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The Outlaw Album [Hardcover]

Daniel Woodrell
4.2 out of 5 stars  See all reviews (8 customer reviews)
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Book Description

6 Oct 2011

Daniel Woodrell is able to lend uncanny logic to harsh, even criminal, behaviour in his wrenching first collection of short fiction. Desperation - both material and psychological - motivates his characters. A husband cruelly avenges the murder of his wife's pet; an injured rapist is cared for by a young girl, until she reaches breaking point; a disturbed veteran of Iraq is murdered for his erratic behaviour; an outsider's house is set on fire by an angry neighbour.

There is also the tenderness and loyalty of the vulnerable in these stories - between spouses, parents and children, siblings and comrades in arms - which brings the troubled, sorely tested cast of characters to vivid, relatable life.


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Product details

  • Hardcover: 176 pages
  • Publisher: Sceptre (6 Oct 2011)
  • Language: English
  • ISBN-10: 1444735764
  • ISBN-13: 978-1444735765
  • Product Dimensions: 15.7 x 23.1 cm
  • Average Customer Review: 4.2 out of 5 stars  See all reviews (8 customer reviews)
  • Amazon Bestsellers Rank: 621,594 in Books (See Top 100 in Books)

More About the Author

Dan Woodrell comes from a long line of Ozarkers that stretch back before the Civil War. A high school dropout he joined the marine corps at 17. The military and he saw things differently. A period of post military drifting ended up at the University of Kansas and a Michener fellowship at the Iowa Writers School, where he was definitely the odd man out.

He is the author of eight novels including Under the Bright Lights, Muscle for the Wing, The Ones You Do, Ride With the Devil, Woe To Live On, Give Us A Kiss, Tomato Red and The Death Of Sweet Mister. He lives in West Plains, Missouri.

Critical Acclaim for Daniel Woodrell

"...Daniel Woodrell is a storyteller of bristling imagination and muscular prose, who uses the poetically profane language of the trailerpark to wicked effect..." - Sara Paretsky, Bizarre

"...Daniel Woodrell is stone brilliant ... a bayou Dutch Leonard steeped in rich Louisiana language..." - James Ellroy,

"...Daniel Woodrell is one of the most exciting writers I've discovered in a long time..." - Val McDermid, Manchester Evening News

Product Description

Review

His language is complex, poetic, strange and beautiful, conjuring up the misty fields and woods of the Ozarks, and the fiercely independent people who live there. (Josh Lacey, Guardian)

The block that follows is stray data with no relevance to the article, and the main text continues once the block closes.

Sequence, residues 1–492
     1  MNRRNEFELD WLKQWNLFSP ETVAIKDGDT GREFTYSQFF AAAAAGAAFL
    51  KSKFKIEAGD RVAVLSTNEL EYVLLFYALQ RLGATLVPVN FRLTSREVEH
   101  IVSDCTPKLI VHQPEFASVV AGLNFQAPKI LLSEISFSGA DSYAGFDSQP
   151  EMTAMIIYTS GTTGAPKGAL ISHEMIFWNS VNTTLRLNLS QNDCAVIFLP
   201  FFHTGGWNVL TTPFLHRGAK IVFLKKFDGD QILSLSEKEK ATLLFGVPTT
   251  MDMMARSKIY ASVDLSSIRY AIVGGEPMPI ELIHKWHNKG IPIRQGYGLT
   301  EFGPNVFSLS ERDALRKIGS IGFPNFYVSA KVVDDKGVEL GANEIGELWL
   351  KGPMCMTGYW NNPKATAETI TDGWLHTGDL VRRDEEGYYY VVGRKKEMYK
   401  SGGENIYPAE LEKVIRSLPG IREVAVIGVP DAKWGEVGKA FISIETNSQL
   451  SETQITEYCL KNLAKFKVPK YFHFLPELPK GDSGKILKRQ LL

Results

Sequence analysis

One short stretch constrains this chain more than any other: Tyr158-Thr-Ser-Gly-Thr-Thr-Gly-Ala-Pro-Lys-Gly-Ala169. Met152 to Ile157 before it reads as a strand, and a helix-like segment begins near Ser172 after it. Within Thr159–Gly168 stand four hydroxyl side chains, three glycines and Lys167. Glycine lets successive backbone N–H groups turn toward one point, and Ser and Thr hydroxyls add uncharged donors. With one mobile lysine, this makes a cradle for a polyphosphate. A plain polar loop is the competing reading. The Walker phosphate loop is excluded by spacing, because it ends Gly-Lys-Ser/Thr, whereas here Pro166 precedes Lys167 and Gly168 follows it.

wonderful, savage narratives...remarkable even by Woodrell's soaring standards (Irish Times)

tales of horror and desperation that'll leave you reeling. In a good way. (Shortlist)

'Woodrell is a marvellous writer' (Roddy Doyle)

In a tight navigation of narrative voice, Woodrell manages to turn candid detachment into a form of rough poetic truth, even though the lives of his characters remain far removed from the world of literary sentiment. (TLS)

'Woodrell writes in an almost biblical idiom, which makes the brutality of his stories shocking... These are timeless tales of humans capable of compassion but also monumental violence.' (Leyla Sanai, Independent)

'gripping...Woodrell's folk are as separate in their rituals and customs as any of Tolkein's mythical creations...Woodrell whittles his stories into shape with a serrated knife, and while the language of his characters is a constant surprise with those oblique turns-of-phrase...the curious sideways progression of his plots is what I find most enrapturing.' (George Pendle, Financial Times)

Woodrell writes about violence and dark deeds better than almost anyone in America today, in compact, musical prose that doesn't dwell on visceral detail. An unerring craftsman...Every story is loaded with gems...Most of the stories deal with the darkest recesses of the human heart, and once you start reading them you can't stop. (Donald Ray Pollock, New York Times)

Woodrell writes a striking prose that lopes from clause to clause like William Faulkner's...he recalls writers such as Cormac McCarthy, Flannery O'Connor and the Faulkner of Sanctuary in his ability to transform crime into literature. (John Dugdale, Literary Review)

Each story is a stylized dark allegory...The language is sparse yet majestic, deftly describing mountains, canyons and creek beds. (Theresa Munoz, Scottish Sunday Herald)

He has moved beyond the noir of his earlier work into something that encompasses a greater spectrum of understanding. He has cemented his role as one of America's greatest writers...THE OUTLAW ALBUM is an idiosyncratic, lyric, stunning collection of stories. It is one of the most important collections of short fiction produced in this country in over fifty years. (William Hastings, Industrial Worker Book Review)

Book Description

From the author of WINTER'S BONE, twelve timeless Ozarkian tales of those on the fringes of society, by the 'least known major writer in the country today' (Denis Lehane, USA Today)

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Customer Reviews

Most Helpful Customer Reviews
8 of 9 people found the following review helpful
2.0 out of 5 stars A very disappointed Woodrell fan 11 Oct 2011
Format:Hardcover|Verified Purchase